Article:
The adventures of Terry Tao in the 21st century

Great New York Times profile of Terry Tao by Gareth Cook, an old friend of mine from Boston Phoenix days.

I’ve got a quote in there:

‘‘Terry is what a great 21st-­century mathematician looks like,’’ Jordan Ellenberg, a mathematician at the University of Wisconsin, Madison, who has collaborated with Tao, told me. He is ‘‘part of a network, always communicating, always connecting what he is doing with what other people are doing.’’

I thought it would be good to say something about the context in which I told Gareth this.  I was explaining how happy I was he was profiling Terry, because Terry is at the same time extraordinary and quite typical as a mathematician.  Outlier stories, like those of Nash, and Perelman, and more recently Mochizuki, get a lot of space in the general press.  And they’re important stories.  But they’re stories because they’re so unrepresentative of the main stream of mathematical work.  Lone bearded men working in secret, pitched battles over correctness and priority, madness, etc.  Not a big part of our actual lives.

Terry’s story, on the other hand, is what new, deep, amazing math actually usually looks like.  Many minds cooperating, enabled by new technology.  Blogging, traveling, talking, sharing.  That’s the math world I know.  I’m happy as hell to see it in the New York Times.

 

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9 thoughts on “The adventures of Terry Tao in the 21st century

  1. Murray says:

    On the other hand, a lot of the biggest results (e.g Wiles, Perelman, Zhang) come from the “lone genius” types, which is why they get the media attention. This sort of thing may not be a big part of your life, but even in the subject of twin primes which Tao works on, the biggest recent results by Zhang and Maynard / Tao were done through solo work. Not to mention the recent work on the ternary Goldbach problem and various other things.

    As for “Terry is what a great 21st-­century mathematician looks like”, I don’t think this is really for you or anyone else to decide. Different people have different styles, and this applies to great mathematicians too.

  2. Kevin says:

    In my limited experience it was a little of both. There was no way I could have learned all the tools and understood previous work thoroughly without the help of people who know more than me, but at the same time, any real progress came after hours of sitting at a desk, by myself, thinking.

    I’ve found even when collaborating with people, there will be periods of constant back and forth communication (throwing out ideas, poking holes in arguments, explaining a paper or having one explained to me, etc.) followed by periods of silence where my collaborator and I just sit and think. Maybe I’m weird?

  3. […] tip to Quomodocumque — who also has a quote in the […]

  4. JSE says:

    I don’t mean to suggest there’s no place for solitary contemplation in contemporary math, sorry! There is and there always will be. But I think we’re seeing the end of the popular story that math is ONLY that.

  5. Laci Pyber says:

    For a thought-provoking adventure of Terry Tao see the comments after the recent note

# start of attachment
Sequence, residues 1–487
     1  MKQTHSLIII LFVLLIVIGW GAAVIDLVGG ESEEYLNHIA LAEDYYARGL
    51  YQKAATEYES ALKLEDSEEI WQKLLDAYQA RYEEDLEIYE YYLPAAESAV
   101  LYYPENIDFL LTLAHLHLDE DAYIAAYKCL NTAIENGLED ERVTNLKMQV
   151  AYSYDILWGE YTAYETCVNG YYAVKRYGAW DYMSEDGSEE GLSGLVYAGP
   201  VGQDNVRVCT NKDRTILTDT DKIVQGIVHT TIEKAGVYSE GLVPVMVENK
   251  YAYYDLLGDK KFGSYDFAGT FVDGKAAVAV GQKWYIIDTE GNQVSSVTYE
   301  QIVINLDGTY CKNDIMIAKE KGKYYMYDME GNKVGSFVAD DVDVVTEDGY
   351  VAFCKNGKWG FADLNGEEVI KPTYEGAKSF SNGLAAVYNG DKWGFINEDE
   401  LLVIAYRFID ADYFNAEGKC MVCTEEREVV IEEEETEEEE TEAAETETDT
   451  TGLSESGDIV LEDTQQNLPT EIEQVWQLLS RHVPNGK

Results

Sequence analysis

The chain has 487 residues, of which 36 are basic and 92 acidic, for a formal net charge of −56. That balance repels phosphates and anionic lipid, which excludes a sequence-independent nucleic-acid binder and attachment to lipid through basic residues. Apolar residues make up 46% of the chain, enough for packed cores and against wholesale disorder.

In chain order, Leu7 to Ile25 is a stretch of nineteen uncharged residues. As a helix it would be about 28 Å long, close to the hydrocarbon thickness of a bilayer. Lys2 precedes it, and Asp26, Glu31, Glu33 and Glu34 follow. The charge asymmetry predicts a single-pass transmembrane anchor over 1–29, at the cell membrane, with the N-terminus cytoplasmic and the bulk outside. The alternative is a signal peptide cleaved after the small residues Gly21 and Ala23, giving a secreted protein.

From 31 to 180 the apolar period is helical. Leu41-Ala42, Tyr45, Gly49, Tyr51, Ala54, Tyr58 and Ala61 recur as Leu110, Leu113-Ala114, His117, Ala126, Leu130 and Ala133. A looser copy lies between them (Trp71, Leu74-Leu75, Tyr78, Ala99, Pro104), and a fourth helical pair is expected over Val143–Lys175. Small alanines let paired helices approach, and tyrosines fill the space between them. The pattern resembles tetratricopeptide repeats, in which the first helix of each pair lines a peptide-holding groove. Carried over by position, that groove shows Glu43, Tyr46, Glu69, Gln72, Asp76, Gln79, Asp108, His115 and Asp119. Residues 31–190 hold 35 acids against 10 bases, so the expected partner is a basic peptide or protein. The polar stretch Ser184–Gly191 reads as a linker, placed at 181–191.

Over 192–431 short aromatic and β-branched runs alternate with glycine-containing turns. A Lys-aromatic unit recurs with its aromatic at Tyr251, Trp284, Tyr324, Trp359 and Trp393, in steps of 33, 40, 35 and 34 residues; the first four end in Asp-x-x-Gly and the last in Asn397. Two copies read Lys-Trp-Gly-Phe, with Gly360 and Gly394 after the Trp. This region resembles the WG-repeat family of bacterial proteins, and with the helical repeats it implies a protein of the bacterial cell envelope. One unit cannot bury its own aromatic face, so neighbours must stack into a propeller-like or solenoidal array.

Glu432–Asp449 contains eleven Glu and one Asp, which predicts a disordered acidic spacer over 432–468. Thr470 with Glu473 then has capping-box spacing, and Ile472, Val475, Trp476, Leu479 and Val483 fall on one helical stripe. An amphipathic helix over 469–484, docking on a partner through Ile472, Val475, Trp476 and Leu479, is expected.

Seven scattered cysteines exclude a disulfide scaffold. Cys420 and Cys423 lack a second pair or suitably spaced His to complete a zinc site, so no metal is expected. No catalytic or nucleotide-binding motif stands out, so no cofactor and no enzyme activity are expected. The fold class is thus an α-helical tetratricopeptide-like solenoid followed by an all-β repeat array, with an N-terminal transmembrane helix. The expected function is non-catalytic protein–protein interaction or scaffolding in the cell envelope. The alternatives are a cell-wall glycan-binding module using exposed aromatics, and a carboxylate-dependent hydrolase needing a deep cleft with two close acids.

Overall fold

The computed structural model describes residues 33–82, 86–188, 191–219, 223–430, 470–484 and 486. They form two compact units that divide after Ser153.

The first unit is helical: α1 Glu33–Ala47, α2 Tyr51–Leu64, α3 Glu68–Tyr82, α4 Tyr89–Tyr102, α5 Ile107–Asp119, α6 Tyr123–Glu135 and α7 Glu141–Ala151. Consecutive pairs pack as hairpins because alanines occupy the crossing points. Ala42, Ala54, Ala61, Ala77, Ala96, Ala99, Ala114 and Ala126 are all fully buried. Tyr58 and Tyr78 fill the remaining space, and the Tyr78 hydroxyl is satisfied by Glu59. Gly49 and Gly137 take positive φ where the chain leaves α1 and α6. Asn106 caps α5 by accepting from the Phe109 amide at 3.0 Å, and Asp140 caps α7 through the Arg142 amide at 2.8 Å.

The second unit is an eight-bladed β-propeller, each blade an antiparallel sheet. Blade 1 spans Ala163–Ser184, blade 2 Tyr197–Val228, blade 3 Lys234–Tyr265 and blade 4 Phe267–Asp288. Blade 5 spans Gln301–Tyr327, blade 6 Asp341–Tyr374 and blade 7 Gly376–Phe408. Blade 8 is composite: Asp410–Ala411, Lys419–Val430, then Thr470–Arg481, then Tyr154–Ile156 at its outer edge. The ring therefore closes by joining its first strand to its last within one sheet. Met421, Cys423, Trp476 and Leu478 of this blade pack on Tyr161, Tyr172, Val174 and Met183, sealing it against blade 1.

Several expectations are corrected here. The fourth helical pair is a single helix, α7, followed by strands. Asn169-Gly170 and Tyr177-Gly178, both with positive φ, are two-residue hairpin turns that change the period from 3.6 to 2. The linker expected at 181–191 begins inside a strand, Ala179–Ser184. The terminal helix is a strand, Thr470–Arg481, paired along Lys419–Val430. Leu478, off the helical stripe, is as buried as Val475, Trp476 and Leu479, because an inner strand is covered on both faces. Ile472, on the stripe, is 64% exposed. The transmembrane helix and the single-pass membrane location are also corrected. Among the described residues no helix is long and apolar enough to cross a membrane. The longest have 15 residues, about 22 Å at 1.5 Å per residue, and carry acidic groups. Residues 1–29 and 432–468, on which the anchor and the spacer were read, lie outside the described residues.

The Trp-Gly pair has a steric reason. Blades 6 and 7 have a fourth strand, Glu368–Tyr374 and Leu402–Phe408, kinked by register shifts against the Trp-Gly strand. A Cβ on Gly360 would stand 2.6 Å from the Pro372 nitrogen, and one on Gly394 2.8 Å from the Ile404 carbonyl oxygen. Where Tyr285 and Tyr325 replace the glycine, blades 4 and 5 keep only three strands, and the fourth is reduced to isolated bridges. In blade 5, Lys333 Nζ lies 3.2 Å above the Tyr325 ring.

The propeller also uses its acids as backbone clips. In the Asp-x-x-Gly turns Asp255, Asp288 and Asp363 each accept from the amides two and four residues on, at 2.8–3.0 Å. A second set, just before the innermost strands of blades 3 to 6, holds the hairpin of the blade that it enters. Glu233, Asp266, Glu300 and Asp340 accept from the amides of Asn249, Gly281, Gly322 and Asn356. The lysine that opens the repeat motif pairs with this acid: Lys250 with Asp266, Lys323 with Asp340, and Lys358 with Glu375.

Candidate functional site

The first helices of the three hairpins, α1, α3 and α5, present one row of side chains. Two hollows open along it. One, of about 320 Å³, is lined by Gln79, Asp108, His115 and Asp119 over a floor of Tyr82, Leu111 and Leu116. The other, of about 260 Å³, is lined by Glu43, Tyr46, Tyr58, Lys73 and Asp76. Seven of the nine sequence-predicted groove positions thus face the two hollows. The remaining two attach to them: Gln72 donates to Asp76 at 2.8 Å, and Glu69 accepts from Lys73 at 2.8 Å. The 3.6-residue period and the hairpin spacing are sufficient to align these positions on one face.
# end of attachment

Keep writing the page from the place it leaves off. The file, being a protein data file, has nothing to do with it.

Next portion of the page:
“A nonstandard analysis proof of Szemeredi’s theorem” on Tao’s blog . I don’t understand why such a universal creative genius as Tao has to be so competitive sometimes. Paul
    Erdos (my spriritual grandfather) would not have liked this controversy.

  6. Tarasco says:

    If you are happy, I am happy :) we all have role models in our life.

    Saying that Perelman is unrepresentative of the main stream of mathematical work makes one think how you define main stream though. You average over all guys with a math degree? All people who do math research? Everyone with an NSF grant?

    No doubt there are streams and hot currents in math, but is there a main stream? Should there be?

  7. Jason Starr says:

    I guess what I have to say is obvious: The “lone genius” narrative is romantic, and, I imagine, makes great copy. Even if networks are more typical of actual mathematical practice, how do we “sell” that to the public? I agree that the Polymath projects make excellent narrative. The story about the character table of E8 is another great networking narrative. Are there other similar narratives? Has anybody made an effort to collect such stories about successful mathematical networks?

  8. Yiftach says:

    I am not sure it is good for us (whatever that means) to “sell” networks to the public. The problem in maths is not recruiting good people but creating more and better jobs. I suspect the “lone genius” story might actually be better for that.

    Of course these days there is a lot more collaboration, modern communication and modern transportation enable us to do so. However, as people mentioned above, there is still even within collaborative work a lot of thinking in isolation. Furthermore, many of the best results are still achieved by “lone geniuses” (Wiles, Perlman, Zhang and the are other maybe less famous stories).

    My impression is that Tao underestimate his own talent. Yes it is true that even if you are a genius you can learn from others and you can benefit from collaboration. It is also true that you need to work hard even if you are genius. But to do mathematical research you still need considerably more talent than the average person.

  9. @Jason

    the classification of finite simple groups? Ranging from Galois, Mathieu through the efforts of Gorenstein laying out the plan, the ATLAS authors (and their various contributions on the sporadic side) and onto Gonthier’s team and the future using formal methods to check, aside from people trying now to tie it all together on paper?

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